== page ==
Opinion: ‘The Boys in the Boat’ joins a film canon selling this misleading myth

I swam competitively for 10 years between middle school and college. Most mornings, I’d get up at 5 a.m. to go to practice before classes started, then spend hours after school in the pool or the weight room. A lot of days I wouldn’t be outside in daylight at all; I spent so much time in chlorine that my hair bleached.

Noah Berlatsky

Noah BerlatskyNoah Berlatsky

I enjoyed swimming a lot, even though I was pretty bad at it. All that practice made me somewhat faster, but I was still an ectomorph with asthmatic lungs and a hard limit on my potential. Coaches kept trying to find a place where I would excel (Breaststroke? No. Distance swimming? No…). Finally most of them just shrugged, accepted that I was never, in fact, going to win anything and let me paddle along in the outside lanes.

I think this experience is pretty common; most people have at some point tried very hard at something they cared about without ever achieving great success. You wouldn’t know that that’s normal from Hollywood, though, which focuses almost exclusively on the outlier underdogs, who try and try and then have unlikely overwhelming success. It’s pat, predictable and in bulk ends up trumpeting a misleading and potentially dangerous faith in meritocracy — the idea that virtue and hard work always win out.

Director George Clooney’s new film, “The Boys in the Boat,” follows the usual trajectory with so little deviation you almost feel like you should shout, “Drink!” at each expected plot “twist.” The movie is a sports biopic about the eight-man crew team from the University of Washington that qualified for the 1936 Summer Olympic Games in Nazi Berlin.

The protagonist is Joe Rantz (Callum Turner), a freshman engineering student abandoned by his father. Joe is essentially homeless; he can’t pay his tuition and is afraid he’s going to get kicked out of school. He tries out for crew because he needs the team stipend and the housing reserved for school athletes.

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The movie is based on the historical events detailed in Daniel James Brown’s 2013 nonfiction book. But the decision to tell this story is, obviously, overdetermined by its Hollywood fit. As in the horse race film “Seabiscuit” (2003) or the fictional film about unlikely musical stars, “O Brother Where Art Thou?”(2000), the Great Depression provides a background milieu of poverty and desperation. Joe and most of his teammates are given determination by lack. They know little about rowing, but come out for the team because they have few other options.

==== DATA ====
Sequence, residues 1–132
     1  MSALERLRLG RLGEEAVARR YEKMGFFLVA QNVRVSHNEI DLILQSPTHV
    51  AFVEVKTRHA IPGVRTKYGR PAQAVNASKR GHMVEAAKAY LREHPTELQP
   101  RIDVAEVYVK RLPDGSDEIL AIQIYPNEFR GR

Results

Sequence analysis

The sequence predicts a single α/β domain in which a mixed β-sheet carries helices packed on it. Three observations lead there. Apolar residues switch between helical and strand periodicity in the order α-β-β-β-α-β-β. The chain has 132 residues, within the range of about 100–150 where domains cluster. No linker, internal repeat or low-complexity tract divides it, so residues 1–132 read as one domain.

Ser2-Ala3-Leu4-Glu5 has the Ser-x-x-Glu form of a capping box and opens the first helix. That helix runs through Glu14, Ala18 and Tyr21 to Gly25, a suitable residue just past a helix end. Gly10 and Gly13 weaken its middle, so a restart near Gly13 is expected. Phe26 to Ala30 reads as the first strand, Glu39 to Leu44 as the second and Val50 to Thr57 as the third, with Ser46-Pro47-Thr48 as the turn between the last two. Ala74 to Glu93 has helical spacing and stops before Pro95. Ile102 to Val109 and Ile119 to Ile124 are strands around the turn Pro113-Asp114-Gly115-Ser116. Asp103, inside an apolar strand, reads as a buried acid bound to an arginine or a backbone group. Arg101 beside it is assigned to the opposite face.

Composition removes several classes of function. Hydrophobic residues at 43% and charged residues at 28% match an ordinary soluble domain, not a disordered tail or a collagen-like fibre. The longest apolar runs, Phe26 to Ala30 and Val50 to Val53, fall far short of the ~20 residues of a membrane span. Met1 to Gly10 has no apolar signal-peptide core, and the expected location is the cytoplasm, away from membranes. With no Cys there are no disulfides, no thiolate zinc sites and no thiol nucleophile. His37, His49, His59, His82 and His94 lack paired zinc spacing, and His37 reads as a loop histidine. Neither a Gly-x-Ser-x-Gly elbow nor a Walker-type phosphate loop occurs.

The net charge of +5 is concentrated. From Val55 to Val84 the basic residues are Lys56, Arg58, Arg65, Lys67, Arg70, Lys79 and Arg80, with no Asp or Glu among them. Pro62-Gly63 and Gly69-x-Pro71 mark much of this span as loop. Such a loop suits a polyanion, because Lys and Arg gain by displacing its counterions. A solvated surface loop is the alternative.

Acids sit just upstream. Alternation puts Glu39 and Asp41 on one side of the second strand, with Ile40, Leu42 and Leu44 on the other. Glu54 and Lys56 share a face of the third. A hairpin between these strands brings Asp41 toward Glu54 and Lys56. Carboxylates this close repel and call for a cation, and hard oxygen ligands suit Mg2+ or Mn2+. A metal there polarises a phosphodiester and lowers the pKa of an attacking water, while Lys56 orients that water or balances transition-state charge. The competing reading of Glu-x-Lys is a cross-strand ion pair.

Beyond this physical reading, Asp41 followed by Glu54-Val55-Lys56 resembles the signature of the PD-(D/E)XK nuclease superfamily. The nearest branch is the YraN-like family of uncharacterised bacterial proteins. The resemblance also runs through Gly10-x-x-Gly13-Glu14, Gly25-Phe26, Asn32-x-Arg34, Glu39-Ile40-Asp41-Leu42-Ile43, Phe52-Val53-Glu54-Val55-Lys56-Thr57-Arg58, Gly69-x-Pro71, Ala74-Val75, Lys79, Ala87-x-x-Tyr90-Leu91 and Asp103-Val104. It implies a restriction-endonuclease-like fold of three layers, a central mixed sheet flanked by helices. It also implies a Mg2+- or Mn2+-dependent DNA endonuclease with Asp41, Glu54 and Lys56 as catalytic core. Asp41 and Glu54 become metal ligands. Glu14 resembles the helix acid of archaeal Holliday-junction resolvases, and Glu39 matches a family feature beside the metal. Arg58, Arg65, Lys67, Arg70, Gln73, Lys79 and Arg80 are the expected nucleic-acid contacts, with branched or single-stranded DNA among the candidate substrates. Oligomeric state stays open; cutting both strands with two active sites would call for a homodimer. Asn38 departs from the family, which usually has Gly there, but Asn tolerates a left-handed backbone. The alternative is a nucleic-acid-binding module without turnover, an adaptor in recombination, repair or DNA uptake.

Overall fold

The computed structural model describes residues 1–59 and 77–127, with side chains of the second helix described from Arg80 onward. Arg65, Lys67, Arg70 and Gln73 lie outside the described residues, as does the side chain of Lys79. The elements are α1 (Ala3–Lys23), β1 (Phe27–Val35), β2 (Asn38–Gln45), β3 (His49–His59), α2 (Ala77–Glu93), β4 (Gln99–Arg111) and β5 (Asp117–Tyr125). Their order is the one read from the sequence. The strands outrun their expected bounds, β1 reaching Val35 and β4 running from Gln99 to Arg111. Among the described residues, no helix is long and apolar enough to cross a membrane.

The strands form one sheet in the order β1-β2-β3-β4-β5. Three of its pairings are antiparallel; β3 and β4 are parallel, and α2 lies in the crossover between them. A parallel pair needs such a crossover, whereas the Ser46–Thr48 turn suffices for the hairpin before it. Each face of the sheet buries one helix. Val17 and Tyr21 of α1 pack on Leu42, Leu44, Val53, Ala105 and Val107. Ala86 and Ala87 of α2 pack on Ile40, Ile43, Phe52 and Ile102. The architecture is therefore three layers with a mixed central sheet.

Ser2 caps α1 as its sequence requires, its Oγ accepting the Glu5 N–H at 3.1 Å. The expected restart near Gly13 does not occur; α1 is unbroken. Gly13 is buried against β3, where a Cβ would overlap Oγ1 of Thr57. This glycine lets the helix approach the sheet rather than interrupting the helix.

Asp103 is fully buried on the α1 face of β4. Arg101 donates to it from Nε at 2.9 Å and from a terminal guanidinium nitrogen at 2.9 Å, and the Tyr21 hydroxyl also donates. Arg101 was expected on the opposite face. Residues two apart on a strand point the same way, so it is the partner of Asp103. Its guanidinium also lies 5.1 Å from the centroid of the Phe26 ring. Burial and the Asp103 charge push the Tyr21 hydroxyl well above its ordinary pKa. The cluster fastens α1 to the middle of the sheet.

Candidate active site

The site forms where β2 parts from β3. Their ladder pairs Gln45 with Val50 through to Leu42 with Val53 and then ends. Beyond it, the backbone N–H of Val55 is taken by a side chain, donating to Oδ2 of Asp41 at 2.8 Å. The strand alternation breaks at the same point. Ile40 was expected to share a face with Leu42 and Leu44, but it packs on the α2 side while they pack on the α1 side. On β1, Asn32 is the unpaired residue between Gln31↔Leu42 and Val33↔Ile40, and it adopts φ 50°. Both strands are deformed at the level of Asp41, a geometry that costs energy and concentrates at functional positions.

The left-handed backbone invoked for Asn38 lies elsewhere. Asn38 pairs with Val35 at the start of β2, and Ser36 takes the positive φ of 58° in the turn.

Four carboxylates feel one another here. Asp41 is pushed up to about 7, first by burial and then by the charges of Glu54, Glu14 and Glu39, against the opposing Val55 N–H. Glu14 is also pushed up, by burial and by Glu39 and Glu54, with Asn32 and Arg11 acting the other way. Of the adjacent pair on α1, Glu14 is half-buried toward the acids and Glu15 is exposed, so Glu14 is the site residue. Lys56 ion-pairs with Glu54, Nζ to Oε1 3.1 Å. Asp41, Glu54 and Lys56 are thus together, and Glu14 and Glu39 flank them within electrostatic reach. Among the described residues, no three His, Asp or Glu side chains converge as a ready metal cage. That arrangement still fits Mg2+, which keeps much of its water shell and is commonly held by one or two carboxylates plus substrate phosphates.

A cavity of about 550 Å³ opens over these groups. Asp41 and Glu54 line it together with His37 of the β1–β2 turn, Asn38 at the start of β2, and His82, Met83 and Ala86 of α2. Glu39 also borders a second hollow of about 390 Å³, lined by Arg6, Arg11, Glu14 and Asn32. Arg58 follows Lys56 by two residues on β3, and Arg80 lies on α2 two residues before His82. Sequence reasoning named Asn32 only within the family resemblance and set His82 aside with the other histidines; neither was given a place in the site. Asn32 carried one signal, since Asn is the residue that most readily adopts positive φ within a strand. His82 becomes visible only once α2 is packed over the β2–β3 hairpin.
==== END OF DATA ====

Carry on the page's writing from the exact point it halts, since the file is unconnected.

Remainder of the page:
Despite their inexperience, though, the crusty coach with a heart of gold, Al Ulbrickson (Joel Edgerton), sees something in the scrappy young men. Before you can say “training montage,” Joe and the rest of the team oar their way to glory, overcoming elitist skepticism and the manipulations of East Coast rivals like Harvard to take their rightful place in history.

Again, underdogs win sometimes (these rowers did). In Hollywood, though, it’s more than sometimes; if you watched “The Karate Kid” (1984), “Hoosiers” (1986), “Bring It On,” (2000), “Miracle” (2004), “Pitch Perfect” (2012) and on and on, you’d come away convinced that improbable or disadvantaged outcasts are constantly triumphing over better-trained and better-resourced rivals through the unbeatable combination of hard work and virtue.

Hollywood does occasionally focus on downtrodden losers who actually lose. But those losses aren’t usually presented as the result of bad luck or material disadvantage. Instead, failure is a result, supposedly, of character flaws or weaknesses.

In “Nightmare Alley” (2021), for example, Stan (Bradley Cooper), like Joe Rantz, is fatherless and impoverished in the Great Depression. Like Joe, he stumbles on his calling — though for Joe, it’s carny card-reading psychic sideshows rather than crew. Like Joe, Stan works hard to get to the top of his profession.

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But that’s where the parallels end. Joe, unlike Stan, never cheats or steals, and is a model of fidelity to his picture-perfect girlfriend (Hadley Robinson). Stan’s downfall, like Joe’s success, is a meritocratic morality tale; Stan ends up impoverished and debased because he’s a bad person who makes bad choices, not because people in a massive economic downturn just sometimes are impoverished and debased through no real fault of their own.

What would a film look like that didn’t pretend that the most virtuous and hardworking people always win? There aren’t a lot of examples. One, maybe, is Kelly Reichardt’s film, “Showing Up,” from earlier this year. The movie (like most of Reichardt’s movies) is slow and meandering; its schlubby, grumpy protagonist Lizzy (Michelle Williams) is a not-especially-successful artist preparing for a solo exhibit of her work — clay figures of women in everyday poses.

Lizzy approaches her art with obsessive meticulousness, http://popicedingin.com/ but without great acclaim. Her reward is the art itself, and (maybe) the appreciation of friends and family. The film has little narrative drive because Lizzy has no real narrative arc; she’s not on a path to fame or fortune or Olympic gold.

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